1 Paterson, A.H, Mashope, B.K. and Lin, L. (2009) The comparative genomics of orphan crops. 
   African Technology Development Forum Journal, Vol. 6, issue 3/4 pp.16-23
2 Plaza, S., Bossolini, E. and Tadele, Z. (2009) Significance of genome sequencing for African orphan crops:
   The case of  Tef. African Technology Development Forum Journal, Vol. 6, issue3/4 pp.55-59
3 FAO/WFP Special report.Crop and Food security assessment. Mission to Ethiopia, 21 July 2009.
   www.fao.org/docrep/012/ak336e/ak336e00.htm

 

Benefits
 
  • Scale. Compelling tangible benefits for all parties are critical for PPPs to encourage collaboration and to motivate delivery of outputs.
     
  • Sharing. Genuine belief, understanding and respect that both parties must share the benefits from the PPP in an equitable manner are vital.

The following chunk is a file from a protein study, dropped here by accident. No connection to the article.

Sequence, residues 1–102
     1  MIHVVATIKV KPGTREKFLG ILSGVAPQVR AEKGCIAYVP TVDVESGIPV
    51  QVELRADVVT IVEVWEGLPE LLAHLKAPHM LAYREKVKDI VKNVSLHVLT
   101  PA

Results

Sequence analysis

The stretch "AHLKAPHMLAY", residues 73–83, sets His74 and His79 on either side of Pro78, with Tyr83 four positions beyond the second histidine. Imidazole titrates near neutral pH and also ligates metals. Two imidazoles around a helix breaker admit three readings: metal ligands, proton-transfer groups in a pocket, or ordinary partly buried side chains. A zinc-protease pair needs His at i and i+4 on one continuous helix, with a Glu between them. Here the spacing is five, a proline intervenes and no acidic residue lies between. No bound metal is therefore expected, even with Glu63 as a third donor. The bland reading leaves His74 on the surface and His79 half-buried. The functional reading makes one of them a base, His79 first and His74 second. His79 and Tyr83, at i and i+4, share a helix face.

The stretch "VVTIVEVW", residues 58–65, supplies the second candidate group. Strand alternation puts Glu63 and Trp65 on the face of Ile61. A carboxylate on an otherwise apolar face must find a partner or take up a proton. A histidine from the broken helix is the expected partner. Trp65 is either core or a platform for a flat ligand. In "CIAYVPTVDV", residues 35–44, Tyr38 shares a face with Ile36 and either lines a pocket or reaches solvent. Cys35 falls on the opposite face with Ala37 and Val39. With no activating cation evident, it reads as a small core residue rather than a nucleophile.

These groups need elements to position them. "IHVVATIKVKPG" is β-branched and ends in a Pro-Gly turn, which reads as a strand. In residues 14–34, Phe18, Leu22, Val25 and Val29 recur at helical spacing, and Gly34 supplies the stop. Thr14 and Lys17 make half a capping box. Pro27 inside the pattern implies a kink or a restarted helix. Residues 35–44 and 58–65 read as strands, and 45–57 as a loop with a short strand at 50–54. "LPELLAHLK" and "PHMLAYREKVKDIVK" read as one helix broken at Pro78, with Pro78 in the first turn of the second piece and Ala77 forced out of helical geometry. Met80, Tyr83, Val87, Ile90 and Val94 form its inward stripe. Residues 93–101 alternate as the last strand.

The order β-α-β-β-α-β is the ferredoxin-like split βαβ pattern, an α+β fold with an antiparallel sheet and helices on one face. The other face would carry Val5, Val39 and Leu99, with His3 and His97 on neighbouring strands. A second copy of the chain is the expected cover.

• Analysis. A formalized joint evaluation of the benefits / risks and resources necessary for the PPP forms a solid platform for negotiations.
     

Some examples of potential benefits for consideration are shown in the diagram below:

Public sector Private sector
Greater scale and scope of  research
Access to germplasm for development purposes
 
Freedom to operate Access to novel research and ideas on crops or   germplasm that are not commercial targets for the private sector, but may contain genes or other properties of interest
 
Access to:
  • Proprietary technology - germplasm, traits and enabling technology
  • Knowledge and know-how
  • Equipment and facilities
 
Access to cutting edge genomic research
 
Broadening development reach and seed distribution opportunities New market creation - knowledge and access to in-country seed systems and farmers
Know-how on technology stewardship and risk management
Social and corporate responsibility goals – opportunity to support commitment to food security through provision of technology or know-how
 
 
  • New improved varieties